Report on Mauna Loa (United States) — 16 September-22 September 2015
Smithsonian / US Geological Survey Weekly Volcanic Activity Report,
16 September-22 September 2015
Managing Editor: Sally Kuhn Sennert
Please cite this report as:
Global Volcanism Program, 2015. Report on Mauna Loa (United States). In: Sennert, S K (ed.), Weekly Volcanic Activity Report, 16 September-22 September 2015. Smithsonian Institution and US Geological Survey.
19.475°N, 155.608°W; summit elev. 4170 m
All times are local (unless otherwise noted)
On 18 September HVO reported that for at least the previous year the seismic network at Mauna Loa detected elevated seismicity beneath the summit, upper Southwest Rift Zone, and W flank; the rate of these shallow earthquakes varied but overall had remained above the long-term average. The earthquakes locations were similar to those preceding recent eruptions in 1975 and 1984, although the magnitudes were comparatively low. In addition, ground deformation consistent with recharge of the volcano’s shallow magma storage system was also detected during the previous year. The rate and pattern of the deformation was similar to that measured during a period of inflation 2005, unrest that did not lead to an eruption. However, since the observations indicated that Mauna Loa is no longer at background levels, HVO raised the Aviation Color Code to Yellow and the Volcano Alert Level to Advisory.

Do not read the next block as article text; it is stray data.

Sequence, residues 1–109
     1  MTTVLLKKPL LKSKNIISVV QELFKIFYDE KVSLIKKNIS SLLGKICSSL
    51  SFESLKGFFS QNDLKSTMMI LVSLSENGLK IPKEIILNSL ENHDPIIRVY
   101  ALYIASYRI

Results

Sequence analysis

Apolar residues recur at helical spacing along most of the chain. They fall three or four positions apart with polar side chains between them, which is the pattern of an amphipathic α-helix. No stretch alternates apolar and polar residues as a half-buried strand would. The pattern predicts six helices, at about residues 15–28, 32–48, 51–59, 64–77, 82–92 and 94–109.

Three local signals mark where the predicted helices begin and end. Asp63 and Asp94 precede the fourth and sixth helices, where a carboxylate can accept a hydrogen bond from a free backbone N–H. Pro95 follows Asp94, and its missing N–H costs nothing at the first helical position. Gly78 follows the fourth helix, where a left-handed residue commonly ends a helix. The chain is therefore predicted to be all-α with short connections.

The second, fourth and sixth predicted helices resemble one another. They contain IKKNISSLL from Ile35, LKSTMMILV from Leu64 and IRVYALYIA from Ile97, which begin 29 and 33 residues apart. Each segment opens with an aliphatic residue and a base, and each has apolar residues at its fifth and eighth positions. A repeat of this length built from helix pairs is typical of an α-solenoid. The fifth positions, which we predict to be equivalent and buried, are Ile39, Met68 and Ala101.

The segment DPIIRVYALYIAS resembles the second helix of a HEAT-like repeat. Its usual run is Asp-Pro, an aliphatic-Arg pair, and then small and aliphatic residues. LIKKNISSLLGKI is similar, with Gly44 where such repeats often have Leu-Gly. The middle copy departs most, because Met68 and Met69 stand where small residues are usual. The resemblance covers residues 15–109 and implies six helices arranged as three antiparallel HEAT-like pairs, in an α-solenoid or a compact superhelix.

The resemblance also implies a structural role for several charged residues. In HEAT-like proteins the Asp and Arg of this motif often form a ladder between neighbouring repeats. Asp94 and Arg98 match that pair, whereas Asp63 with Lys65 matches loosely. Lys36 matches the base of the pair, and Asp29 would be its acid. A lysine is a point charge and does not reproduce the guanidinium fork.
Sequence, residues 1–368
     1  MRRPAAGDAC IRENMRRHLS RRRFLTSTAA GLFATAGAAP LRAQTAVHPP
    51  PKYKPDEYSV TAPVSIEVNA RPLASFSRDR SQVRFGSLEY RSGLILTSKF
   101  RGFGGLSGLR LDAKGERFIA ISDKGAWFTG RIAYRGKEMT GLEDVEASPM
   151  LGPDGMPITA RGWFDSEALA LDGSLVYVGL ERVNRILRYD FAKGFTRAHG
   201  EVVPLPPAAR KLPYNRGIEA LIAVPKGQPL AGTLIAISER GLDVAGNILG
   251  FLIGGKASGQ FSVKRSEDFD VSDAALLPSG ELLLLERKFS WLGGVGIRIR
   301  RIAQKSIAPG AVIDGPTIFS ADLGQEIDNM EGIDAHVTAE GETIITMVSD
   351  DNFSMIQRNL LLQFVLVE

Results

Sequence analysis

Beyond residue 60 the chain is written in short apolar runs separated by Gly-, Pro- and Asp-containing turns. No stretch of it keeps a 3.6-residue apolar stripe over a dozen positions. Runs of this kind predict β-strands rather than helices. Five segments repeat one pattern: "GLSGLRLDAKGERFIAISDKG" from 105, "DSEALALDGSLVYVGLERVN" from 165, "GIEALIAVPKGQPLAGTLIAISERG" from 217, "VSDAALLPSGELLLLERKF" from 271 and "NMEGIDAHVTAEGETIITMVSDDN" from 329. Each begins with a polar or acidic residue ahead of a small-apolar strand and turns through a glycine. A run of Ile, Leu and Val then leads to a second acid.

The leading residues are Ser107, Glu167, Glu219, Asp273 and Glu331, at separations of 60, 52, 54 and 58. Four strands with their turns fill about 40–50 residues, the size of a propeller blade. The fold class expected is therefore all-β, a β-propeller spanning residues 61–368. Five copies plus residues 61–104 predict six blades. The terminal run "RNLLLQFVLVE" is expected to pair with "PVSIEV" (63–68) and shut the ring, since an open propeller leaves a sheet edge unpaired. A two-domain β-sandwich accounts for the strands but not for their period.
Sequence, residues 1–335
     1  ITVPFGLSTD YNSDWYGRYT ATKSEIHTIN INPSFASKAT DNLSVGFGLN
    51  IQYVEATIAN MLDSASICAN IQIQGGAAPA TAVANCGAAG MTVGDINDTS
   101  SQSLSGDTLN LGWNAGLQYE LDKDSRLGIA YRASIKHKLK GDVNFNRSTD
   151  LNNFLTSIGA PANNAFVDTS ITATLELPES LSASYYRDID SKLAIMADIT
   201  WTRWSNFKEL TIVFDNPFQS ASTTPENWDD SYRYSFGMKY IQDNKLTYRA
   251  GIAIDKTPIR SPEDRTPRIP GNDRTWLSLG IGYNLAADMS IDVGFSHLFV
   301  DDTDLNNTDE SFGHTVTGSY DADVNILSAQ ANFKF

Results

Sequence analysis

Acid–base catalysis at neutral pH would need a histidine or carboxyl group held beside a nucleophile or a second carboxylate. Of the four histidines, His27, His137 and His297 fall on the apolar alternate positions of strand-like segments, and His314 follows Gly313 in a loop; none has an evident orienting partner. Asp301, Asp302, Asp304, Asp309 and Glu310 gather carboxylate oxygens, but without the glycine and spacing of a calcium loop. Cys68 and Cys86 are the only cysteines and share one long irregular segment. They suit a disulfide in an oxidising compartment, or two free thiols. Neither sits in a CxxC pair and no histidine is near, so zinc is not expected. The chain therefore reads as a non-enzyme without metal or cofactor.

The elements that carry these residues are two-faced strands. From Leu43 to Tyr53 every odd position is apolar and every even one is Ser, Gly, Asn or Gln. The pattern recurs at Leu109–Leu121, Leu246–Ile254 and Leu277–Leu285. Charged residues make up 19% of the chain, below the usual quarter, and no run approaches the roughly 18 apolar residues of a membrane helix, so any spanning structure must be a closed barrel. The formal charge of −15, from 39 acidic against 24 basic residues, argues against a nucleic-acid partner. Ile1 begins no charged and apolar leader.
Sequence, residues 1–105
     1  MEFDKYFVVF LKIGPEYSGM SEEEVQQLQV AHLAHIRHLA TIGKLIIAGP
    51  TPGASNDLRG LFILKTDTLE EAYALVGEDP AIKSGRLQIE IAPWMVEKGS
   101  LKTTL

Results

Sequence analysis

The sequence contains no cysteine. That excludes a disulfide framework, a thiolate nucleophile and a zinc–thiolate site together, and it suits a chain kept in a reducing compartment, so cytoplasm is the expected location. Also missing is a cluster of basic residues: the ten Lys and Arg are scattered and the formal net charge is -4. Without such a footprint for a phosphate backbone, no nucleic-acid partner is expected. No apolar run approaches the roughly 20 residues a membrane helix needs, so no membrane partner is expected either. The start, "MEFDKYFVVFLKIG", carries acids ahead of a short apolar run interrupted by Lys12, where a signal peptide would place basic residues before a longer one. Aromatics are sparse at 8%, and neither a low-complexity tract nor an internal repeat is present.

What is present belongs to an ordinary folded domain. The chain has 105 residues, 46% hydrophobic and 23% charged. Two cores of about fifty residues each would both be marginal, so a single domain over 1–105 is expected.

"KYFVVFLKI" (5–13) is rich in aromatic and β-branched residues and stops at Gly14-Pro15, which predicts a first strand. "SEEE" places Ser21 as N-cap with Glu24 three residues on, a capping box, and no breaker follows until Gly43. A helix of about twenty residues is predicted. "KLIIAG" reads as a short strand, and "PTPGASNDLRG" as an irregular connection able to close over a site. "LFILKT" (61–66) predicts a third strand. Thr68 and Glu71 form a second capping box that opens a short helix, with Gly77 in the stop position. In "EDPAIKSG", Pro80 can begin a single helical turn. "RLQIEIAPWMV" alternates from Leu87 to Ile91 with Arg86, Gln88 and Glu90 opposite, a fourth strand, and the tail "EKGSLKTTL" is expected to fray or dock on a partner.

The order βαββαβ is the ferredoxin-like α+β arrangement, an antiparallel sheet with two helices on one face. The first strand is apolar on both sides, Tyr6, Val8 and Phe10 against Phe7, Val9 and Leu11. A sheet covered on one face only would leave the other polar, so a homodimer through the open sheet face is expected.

Geological Summary. Massive Mauna Loa is a basaltic shield volcano that rises almost 9 km from the ocean floor to form the world's largest Holocene volcano. Flank eruptions typically occur from the lengthy NE and SW rift zones, and from the Moku'aweoweo summit is caldera, which is within an older and larger 6 x 8 km caldera. Two of the youngest large debris avalanches documented in Hawaii traveled nearly 100 km from Mauna Loa; the second of the Alika avalanches was emplaced about 105,000 years ago (Moore et al., 1989). Almost 90% of the surface of the volcano is covered by lavas less than 4,000 years old (Lockwood and Lipman, 1987). Beginning about 1,500 years ago, a series of voluminous overflows from a summit lava lake covered about 25% of the volcano's surface. Over the last 750 years, from shortly after the formation of Moku'aweoweo caldera until the present, an additional 25% of the volcano has been covered with lava flows, mainly from summit and NW rift zone vents.
Source: US Geological Survey Hawaiian Volcano Observatory (HVO)